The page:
I have spent the last 111days in Europe (mostly in Granada, with 4 other countries mixed in there). In 12 days and 17 hours, I will be on my way back to sunny, beautiful Los Angeles, California. I have missed my home oh so terribly at times, but it is without a doubt that I would do this all over again (and maybe bring my dog along, because everyone has a dog here!)
Being away from home soon made me realize what I value about home…and what I am looking to transplant from Spain to the USA.
1. My family and friends. I just so happen to live in what I consider to be the most amazing place in the world (geographically) but I would trade that all in as long as I am with those I love most, namely my parents and pup. Honestly, I could be from a snow-covered land in Alaska and I would still miss my loved ones terribly. Home is not just a physical location that holds your comfortable bed (although I am looking forward to my plush mattress!), it is about who you share your home with. Or better yet- “Family is not just who you live with, its who you cannot live without.”
2. The Sunshine State. I never realized how lucky I am to live in a place where it can be 75 and sunny year-round. Some people say “But you don’t have seasons!” Oh, we have seasons alright. We just skip the bad ones! I chose Granada in part because I was told the weather was very similar to home. Let me tell you, its not. It has been pouring rain for 3 days straight- in May! But in all fairness, it has been the coldest weirdest winter/spring seasons throughout all of Europe (just my luck). I have realized that the weather really affects your mood and motivation to do anything, especially when your primary mode of transportation = your two legs. When the sun came out and the temperatures peaked 70 degrees, the people of Granada flooded the streets. The Alhambra looked more majestic than ever. This change in ambience in the city made me value what I get to go home to.
3. Structure. When we first arrived we were told not to stress about anything. Spaniards are far more relaxed than Americans, and after all, we were 20-some year olds studying abroad. Really, our only care should be where we wanted to spend Semana Santa. We learned a key phrase- No pasa nada which basically means “Everything is alright.” If you drop something, No pasa nada. Spill something, No pasa nada. You’re running late… Ok so this is where I draw the line. I’m a stickler for punctuality in part because my parents are always running late. So adjusting to “Spanish time” was interesting. I liked it at first. I don’t have to sprint to class if I’m a few minutes late- awesome! But at the same time, I don’t like the idea of making others wait, especially not an entire class. There are only so many hours in a day and so many days that we get to spend abroad, so I don’t want to waste a single second. So my dearest España, thank you for helping me relax. But at the same time, sometimes Sí pasa algo.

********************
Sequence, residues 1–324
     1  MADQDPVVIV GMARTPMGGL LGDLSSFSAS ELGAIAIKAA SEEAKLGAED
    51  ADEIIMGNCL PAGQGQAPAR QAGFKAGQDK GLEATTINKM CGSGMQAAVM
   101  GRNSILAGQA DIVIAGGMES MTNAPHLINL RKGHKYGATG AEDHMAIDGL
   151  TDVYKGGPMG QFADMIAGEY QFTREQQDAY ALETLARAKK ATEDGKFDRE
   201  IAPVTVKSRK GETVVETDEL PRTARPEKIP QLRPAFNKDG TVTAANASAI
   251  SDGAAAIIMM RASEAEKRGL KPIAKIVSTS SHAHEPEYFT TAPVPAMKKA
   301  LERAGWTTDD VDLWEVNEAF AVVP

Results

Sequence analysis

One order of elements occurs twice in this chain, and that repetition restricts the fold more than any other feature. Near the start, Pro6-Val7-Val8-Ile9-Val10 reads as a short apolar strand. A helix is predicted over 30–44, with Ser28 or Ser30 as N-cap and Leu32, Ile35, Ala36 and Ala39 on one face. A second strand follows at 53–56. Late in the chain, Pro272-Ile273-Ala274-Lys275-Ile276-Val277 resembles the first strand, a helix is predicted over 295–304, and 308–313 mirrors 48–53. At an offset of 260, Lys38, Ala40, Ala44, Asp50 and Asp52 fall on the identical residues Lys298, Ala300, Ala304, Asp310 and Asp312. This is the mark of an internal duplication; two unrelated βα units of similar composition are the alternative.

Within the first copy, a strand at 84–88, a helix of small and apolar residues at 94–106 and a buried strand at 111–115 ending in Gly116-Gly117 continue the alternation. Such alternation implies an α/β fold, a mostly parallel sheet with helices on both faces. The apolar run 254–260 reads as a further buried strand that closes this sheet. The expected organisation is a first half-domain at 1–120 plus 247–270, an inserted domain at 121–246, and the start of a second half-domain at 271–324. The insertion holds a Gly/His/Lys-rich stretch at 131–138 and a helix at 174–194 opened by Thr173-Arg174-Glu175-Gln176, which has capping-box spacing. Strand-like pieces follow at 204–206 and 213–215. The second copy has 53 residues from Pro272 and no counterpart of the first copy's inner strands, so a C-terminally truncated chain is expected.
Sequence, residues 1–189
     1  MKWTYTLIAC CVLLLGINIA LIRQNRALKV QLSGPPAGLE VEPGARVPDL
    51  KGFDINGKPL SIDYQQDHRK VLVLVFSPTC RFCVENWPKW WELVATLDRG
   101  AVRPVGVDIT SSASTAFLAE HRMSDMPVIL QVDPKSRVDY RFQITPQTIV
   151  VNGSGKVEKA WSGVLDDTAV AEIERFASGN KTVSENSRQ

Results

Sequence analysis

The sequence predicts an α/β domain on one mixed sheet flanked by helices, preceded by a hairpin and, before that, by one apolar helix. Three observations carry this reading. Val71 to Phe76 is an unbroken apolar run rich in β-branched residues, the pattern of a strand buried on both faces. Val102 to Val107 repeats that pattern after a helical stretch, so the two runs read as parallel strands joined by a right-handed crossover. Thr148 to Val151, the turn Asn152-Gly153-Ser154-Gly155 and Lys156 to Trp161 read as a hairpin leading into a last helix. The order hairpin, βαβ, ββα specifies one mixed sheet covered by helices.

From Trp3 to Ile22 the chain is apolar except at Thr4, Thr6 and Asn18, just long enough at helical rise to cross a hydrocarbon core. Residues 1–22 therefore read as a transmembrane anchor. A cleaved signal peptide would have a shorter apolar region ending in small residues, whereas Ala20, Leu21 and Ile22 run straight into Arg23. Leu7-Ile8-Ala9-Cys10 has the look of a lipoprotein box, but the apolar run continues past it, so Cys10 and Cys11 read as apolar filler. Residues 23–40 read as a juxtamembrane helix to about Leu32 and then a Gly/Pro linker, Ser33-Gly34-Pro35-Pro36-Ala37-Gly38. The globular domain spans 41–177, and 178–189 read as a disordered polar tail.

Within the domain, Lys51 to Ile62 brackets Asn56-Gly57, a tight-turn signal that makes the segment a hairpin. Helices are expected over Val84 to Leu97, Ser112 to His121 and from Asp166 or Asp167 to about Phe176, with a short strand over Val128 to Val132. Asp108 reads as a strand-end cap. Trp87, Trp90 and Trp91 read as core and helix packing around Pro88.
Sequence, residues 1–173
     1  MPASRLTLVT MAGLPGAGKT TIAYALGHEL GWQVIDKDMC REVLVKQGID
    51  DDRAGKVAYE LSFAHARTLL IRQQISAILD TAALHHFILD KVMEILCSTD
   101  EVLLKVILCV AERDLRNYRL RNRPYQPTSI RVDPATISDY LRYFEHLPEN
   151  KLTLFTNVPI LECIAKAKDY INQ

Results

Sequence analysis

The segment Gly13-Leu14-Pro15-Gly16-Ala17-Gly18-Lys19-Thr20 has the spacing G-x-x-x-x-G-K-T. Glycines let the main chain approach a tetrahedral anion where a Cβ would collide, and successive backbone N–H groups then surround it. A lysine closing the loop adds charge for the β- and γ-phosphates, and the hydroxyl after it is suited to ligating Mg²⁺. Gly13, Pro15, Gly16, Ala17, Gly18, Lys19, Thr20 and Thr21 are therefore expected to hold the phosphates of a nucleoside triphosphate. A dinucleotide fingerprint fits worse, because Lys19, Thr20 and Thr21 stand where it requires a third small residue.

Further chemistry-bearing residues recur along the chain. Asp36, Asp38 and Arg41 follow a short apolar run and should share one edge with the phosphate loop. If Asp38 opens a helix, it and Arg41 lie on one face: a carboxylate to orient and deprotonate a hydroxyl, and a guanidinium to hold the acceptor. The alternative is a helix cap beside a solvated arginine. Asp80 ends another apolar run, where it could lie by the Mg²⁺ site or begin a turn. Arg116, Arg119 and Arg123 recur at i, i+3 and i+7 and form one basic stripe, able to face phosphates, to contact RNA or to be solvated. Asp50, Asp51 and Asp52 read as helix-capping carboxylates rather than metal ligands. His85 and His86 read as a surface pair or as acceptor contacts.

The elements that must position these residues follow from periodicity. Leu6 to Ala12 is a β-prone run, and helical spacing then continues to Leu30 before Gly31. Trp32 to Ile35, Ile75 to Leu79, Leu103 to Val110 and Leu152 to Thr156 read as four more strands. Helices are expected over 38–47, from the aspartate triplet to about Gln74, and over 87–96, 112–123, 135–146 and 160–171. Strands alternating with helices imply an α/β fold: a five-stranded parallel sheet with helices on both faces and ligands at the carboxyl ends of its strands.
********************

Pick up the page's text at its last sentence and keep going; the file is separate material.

4. Let’s go to… The Spanish culture is very social. And I LOVE IT. At any given hour of the day (including 4am on your way back from a discoteca) you will find people walking in the streets of Granada, which is a beautiful thing because you are truly never alone. Cafes and tapas bars are never empty. And good company is always abundant. I am really going to miss being able to call a friend and say “Hey let’s meet at our favorite place for churros and chocolate.”
5. 65 is the new 20 So not only are the streets full, but they are full of people of ALL ages- babies, teens, adults, senior citizens. Even pups roam happily! One of my favorite memories comes from my walk home back from a tapas bar at around midnight and an older couple was walking, arm in arm, with not a care in the world. They were dressed very sharply and were just taking an afternoon stroll. It was truly an inspiring moment. So often we are told that retirement = time to slow down. Ok, so maybe you stop working 40 hours a week. But life goes on, and you can still keep strolling!
It’s been a pleasure, Granada. But America is my first love…